Associations among bullying, peer victimization, sexual harassment, and dating violence were examined among 684 middle and high school students. Cluster analysis of self-report measures revealed four distinct bully-victim subtypes: uninvolved, victims, bully-victims, and bullies. African-American students comprised the bully cluster more than White students, but did not report higher rates of dating violence or peer sexual harassment. Bully-victims reported significantly more physical dating violence victimization than members of all other groups, and more emotional abuse in dating relationships than uninvolved students and victims. Bully-victims and victims also reported the highest amount of peer sexual harassment. Anxiety/depression levels were highest among victims and bully-victims. Sexual harassment and dating violence experiences moderated the association between bully-victim subtype and anxiety/depression. That is, victims with the highest levels of sexual harassment and victims and bully-victims with the highest levels of dating violence reported the highest levels of anxiety/depression. Findings highlight the high-risk nature of the bully-victim group and the importance of assessing multiple forms of victimization affecting youth.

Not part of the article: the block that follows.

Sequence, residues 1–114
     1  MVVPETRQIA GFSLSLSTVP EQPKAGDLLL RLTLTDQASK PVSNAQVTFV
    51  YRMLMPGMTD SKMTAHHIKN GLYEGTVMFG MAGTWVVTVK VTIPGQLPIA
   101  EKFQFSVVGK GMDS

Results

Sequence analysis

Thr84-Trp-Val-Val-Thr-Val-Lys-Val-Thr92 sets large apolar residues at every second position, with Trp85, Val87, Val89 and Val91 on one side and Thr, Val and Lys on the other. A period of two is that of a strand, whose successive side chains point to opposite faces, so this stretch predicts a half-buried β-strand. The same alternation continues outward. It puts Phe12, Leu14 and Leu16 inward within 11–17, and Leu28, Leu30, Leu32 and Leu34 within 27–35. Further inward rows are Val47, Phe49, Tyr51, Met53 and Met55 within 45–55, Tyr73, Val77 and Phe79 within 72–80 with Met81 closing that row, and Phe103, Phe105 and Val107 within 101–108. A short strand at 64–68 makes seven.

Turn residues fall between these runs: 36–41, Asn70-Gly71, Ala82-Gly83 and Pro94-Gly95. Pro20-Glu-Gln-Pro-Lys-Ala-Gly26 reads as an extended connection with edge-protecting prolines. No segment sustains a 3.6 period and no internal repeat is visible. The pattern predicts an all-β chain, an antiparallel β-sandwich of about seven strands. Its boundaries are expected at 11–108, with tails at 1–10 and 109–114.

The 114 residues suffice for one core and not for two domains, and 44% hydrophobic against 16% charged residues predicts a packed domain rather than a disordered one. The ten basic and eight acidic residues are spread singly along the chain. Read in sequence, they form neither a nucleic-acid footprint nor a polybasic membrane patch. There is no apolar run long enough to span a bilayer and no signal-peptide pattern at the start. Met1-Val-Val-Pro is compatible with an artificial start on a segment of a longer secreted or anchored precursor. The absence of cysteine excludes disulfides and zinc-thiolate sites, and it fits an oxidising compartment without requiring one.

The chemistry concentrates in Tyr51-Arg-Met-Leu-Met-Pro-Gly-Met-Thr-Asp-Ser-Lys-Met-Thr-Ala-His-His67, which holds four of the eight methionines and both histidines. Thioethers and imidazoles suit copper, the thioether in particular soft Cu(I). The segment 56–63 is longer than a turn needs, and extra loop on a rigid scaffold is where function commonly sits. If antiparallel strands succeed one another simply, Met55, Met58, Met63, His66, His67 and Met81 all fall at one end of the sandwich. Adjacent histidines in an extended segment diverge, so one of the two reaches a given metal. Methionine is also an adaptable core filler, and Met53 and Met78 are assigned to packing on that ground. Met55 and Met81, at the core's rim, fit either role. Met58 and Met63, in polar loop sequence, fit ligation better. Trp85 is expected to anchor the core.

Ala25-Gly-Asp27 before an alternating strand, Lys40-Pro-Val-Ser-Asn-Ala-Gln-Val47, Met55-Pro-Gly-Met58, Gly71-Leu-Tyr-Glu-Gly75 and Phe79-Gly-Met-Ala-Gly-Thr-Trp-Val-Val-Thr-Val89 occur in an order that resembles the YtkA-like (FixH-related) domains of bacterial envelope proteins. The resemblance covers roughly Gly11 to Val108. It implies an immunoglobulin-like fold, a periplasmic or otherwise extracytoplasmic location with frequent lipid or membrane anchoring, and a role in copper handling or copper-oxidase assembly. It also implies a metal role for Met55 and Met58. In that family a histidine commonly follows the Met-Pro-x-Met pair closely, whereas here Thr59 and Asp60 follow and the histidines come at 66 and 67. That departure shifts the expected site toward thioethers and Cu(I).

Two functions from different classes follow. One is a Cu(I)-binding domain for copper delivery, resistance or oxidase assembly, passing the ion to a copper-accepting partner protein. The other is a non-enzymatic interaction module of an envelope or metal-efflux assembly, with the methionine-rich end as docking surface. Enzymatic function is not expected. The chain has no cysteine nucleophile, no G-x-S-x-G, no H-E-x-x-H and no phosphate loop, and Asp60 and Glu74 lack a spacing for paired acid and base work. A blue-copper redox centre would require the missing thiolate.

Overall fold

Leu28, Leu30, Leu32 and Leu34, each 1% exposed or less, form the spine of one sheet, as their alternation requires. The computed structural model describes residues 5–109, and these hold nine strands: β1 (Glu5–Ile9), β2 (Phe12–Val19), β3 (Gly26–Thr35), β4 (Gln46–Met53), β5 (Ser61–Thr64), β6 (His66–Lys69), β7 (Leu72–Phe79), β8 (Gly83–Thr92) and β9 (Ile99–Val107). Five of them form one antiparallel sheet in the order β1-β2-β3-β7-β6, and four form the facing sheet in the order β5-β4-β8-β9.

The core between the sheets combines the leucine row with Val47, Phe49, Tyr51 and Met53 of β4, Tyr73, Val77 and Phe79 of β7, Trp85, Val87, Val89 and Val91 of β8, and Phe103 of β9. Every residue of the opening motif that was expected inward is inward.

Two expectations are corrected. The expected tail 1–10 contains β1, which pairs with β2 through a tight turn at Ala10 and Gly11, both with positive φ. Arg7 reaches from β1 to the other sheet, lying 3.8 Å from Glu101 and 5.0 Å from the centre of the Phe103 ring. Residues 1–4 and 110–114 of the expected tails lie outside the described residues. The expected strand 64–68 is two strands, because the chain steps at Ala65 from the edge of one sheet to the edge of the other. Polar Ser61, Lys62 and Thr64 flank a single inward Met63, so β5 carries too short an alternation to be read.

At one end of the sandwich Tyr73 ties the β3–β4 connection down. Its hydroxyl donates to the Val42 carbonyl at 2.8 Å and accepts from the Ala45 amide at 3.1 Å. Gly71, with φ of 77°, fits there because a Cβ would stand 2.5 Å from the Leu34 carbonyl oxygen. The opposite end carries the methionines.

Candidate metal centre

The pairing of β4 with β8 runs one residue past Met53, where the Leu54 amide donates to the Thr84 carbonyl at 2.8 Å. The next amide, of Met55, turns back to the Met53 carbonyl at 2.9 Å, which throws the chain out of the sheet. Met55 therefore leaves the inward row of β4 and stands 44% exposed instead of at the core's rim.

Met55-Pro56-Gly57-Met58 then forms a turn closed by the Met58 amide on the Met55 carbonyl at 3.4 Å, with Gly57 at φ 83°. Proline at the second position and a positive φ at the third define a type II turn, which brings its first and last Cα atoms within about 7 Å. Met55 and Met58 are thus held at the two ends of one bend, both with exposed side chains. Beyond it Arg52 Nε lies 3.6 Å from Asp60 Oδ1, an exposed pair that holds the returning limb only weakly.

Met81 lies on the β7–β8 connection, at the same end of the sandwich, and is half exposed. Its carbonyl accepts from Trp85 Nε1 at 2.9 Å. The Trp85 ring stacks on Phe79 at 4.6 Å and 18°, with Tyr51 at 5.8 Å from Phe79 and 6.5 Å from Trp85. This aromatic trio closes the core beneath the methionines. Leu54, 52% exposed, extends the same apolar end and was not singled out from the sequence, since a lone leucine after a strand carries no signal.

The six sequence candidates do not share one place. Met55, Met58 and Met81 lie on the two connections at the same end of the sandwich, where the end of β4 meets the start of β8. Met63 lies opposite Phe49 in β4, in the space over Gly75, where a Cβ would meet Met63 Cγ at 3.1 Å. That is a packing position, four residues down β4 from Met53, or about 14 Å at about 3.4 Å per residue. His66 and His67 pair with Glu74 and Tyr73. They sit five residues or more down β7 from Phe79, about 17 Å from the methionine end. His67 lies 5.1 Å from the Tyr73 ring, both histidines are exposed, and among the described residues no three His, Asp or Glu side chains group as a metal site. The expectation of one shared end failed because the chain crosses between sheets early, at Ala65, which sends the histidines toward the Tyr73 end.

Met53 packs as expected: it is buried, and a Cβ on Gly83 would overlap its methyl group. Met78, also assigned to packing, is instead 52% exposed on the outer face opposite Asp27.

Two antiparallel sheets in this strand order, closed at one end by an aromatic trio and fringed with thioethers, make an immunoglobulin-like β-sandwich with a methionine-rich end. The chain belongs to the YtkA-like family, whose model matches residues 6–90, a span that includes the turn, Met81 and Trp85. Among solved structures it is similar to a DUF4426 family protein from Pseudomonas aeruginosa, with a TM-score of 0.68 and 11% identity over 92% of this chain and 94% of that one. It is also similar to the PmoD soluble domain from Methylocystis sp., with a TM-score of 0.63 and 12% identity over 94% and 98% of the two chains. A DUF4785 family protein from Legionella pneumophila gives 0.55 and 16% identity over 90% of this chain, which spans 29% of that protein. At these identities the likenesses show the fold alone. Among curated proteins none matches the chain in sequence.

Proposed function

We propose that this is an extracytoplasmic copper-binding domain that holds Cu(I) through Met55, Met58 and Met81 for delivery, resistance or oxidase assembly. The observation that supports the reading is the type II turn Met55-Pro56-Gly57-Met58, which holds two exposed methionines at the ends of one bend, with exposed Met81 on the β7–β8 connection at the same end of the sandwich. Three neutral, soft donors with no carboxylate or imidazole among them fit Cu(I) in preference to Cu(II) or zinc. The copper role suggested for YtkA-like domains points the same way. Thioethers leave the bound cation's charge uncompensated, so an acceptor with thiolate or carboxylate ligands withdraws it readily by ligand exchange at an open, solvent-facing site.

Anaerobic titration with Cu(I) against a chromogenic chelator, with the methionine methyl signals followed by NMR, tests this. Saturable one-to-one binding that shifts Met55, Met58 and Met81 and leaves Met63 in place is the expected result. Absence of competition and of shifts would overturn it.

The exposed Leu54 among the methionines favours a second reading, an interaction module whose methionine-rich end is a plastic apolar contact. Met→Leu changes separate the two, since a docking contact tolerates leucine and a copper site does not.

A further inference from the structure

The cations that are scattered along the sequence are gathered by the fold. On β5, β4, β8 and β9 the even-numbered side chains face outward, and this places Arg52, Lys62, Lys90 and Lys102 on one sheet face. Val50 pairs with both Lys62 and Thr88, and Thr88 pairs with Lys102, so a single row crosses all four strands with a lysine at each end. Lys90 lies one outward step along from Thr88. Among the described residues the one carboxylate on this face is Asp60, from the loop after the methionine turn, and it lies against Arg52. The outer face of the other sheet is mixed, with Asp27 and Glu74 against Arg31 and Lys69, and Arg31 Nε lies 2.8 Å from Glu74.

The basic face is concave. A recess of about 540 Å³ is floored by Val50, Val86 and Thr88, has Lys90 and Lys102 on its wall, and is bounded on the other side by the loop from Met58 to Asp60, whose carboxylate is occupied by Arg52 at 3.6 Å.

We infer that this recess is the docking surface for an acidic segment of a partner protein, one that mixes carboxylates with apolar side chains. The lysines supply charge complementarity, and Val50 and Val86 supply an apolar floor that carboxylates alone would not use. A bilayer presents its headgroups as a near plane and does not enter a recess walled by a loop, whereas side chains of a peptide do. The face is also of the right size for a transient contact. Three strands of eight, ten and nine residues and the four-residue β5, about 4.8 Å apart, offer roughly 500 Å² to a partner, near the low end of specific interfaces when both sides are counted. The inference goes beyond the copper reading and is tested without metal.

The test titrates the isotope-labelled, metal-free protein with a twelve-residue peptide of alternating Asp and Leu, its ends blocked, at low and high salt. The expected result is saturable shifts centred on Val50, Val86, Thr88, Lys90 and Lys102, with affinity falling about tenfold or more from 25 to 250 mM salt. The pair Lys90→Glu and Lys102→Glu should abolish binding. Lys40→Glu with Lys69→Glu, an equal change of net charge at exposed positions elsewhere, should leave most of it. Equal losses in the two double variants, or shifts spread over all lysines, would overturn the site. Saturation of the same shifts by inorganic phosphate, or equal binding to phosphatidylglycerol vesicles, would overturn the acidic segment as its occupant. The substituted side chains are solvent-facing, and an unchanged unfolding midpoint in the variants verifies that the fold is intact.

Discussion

ASJC Scopus subject areas
- Social Psychology
- Developmental and Educational Psychology
- Social Sciences (miscellaneous)